The role of mentoring in diversity and inclusion
Diversity and inclusion should be at the centre of any thriving workplace culture, but they are often disparate elements. Diversity and inclusion are policies that seek to promote diverse voices within a workspace and ensure these voices are actually heard. It’s a two-part strategy that must include both representation and active participation to be successful. A diverse workforce isn’t an inclusive one if they aren’t playing a key role at every level of your organisation. So how do we ensure that mentoring initiatives don’t simply reinforce the cultural boundaries already in place?
In an increasingly data-driven world where quotas are a focal point, it can be very easy to pay lip-service to the notion of diversity and inclusion. But what if we were to use data to help facilitate inclusion rather than use diversity to meet quotas? Mentoring presents an ideal opportunity for this and can help create a workplace culture that actively values the diversity within your organisation. An effective mentoring program will bring individuals of any age, gender, race or physical health together and drive interactions between them. It has the capacity to break down boundaries and open up your organisation to every voice within it. But mentoring initiatives will only have a transformative impact on workplace culture if the entire organisation has access to them. Mentoring cannot create a diverse and inclusive environment if the same voices from the same backgrounds are communicating with each other. It is imperative that mentoring within your company is adapted to ensure that every employee from any background are actively encouraged to reach out to each other.
When a mentee and mentor are brought together, they have the potential to share knowledge from different perspectives. When these viewpoints are discussed, challenged and implemented, an employee evolves from ‘another member of the team’ to a truly engaged and connected part of the workforce, thus driving innovation and talent. When diversity is set as a core part of an actively inclusive mentoring program, it has the capacity to instil a lasting culture of diversity and inclusion.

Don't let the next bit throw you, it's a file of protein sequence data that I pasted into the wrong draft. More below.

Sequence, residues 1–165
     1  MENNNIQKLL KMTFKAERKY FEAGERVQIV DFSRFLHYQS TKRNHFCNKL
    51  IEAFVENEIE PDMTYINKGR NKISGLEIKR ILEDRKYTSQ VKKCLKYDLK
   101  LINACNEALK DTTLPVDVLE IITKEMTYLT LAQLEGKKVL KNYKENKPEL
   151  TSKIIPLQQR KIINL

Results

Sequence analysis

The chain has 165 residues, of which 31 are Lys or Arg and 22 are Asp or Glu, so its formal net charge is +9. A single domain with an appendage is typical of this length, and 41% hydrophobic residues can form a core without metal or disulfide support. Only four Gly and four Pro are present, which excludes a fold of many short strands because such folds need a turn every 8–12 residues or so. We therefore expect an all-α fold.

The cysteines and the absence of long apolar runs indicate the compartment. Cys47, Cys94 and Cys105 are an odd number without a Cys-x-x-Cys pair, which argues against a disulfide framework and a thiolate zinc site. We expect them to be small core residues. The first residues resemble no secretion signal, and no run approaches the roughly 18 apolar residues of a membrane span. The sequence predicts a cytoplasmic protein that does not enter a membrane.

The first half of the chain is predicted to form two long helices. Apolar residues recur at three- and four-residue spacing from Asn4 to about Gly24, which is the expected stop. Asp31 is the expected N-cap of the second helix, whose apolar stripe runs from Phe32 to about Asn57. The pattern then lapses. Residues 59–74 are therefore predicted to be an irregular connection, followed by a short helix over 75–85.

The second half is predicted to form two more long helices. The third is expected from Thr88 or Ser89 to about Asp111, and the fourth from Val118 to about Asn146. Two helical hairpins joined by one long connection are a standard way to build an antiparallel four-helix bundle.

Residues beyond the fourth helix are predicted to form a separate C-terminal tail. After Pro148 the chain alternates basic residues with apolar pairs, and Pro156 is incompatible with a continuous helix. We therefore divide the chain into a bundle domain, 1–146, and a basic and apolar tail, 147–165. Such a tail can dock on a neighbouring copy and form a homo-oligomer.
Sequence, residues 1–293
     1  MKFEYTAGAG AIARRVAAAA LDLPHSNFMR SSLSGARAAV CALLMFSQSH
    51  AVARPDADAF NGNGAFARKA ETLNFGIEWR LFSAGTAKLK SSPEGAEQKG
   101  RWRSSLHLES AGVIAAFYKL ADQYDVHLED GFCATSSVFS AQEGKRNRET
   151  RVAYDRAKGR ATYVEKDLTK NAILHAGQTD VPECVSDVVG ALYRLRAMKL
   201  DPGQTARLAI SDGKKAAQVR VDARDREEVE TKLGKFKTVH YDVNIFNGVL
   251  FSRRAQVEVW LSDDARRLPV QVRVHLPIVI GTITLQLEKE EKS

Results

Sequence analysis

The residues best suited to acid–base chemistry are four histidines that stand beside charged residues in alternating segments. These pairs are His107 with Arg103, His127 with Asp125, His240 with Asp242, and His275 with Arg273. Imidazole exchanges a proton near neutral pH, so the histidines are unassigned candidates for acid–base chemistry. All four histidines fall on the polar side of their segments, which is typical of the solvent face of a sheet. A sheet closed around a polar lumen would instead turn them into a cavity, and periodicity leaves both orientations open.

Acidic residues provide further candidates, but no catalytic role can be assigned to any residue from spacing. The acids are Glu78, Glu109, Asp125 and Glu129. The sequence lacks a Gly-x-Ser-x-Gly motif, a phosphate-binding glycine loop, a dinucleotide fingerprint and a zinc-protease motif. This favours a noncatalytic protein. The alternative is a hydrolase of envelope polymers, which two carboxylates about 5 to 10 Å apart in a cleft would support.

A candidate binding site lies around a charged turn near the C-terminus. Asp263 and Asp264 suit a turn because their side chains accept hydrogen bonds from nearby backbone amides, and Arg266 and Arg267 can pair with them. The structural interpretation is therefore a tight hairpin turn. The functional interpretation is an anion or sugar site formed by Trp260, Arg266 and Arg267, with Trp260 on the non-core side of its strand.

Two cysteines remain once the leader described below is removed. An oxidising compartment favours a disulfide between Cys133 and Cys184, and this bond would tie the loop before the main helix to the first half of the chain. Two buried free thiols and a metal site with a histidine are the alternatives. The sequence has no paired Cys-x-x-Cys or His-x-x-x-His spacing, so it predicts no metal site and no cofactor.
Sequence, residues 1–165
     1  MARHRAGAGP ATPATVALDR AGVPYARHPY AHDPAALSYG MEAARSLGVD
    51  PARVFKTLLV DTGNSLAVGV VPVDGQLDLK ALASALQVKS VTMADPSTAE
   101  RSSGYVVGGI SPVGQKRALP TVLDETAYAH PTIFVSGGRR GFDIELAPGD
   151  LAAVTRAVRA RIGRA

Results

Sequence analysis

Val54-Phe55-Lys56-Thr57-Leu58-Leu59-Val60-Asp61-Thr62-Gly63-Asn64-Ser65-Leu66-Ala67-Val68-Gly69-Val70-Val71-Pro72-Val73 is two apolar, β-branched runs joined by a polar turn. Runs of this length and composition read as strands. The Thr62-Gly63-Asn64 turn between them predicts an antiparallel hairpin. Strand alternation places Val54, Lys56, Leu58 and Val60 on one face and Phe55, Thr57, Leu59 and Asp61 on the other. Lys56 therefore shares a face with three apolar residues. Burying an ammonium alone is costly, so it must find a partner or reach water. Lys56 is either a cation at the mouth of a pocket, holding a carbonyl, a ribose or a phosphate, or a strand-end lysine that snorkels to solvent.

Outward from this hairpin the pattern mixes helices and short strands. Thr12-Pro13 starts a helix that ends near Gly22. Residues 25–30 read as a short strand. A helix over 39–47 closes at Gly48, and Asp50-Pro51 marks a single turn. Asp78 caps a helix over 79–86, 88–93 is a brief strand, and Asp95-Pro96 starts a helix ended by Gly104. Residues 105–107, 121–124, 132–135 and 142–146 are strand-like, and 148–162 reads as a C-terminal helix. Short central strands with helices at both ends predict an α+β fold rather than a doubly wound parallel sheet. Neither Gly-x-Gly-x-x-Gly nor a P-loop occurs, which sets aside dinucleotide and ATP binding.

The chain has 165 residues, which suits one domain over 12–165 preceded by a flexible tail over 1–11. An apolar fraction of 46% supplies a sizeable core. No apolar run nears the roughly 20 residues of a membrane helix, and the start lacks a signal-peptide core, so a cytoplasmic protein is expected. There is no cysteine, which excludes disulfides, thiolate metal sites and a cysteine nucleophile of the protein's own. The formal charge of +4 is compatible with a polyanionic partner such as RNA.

When mentoring initiatives are implemented effectively, the net benefits on diversity and inclusion are self-evident: mentoring programs have boosted minority representation at management level from 9% to 24% and increased promotion and retention rates for minorities and women from 15% to 38% source. But we can and need to do more.
A superficially diverse workplace will never maximise its diversity if employees remain in silos. Genuine connections between different individuals in the workplace cannot be formed through forced initiatives. Grasp enables companies to see where the communication barriers lie. It provides complete visibility over silos, ensuring that knowledge is being shared between colleagues rather than withheld. Key collaborations and career-changing connections are allowed to flow organically. When applied correctly, mentoring is an intrinsically diverse and inclusive process; Grasp facilitates this.
A workspace where diverse groups actively influence company strategy isn’t superficially beneficial; it will improve every aspect of your organisation from talent retention to team performance, creativity and engagement. Most importantly, it will help us overcome systemic discrimination in the workplace.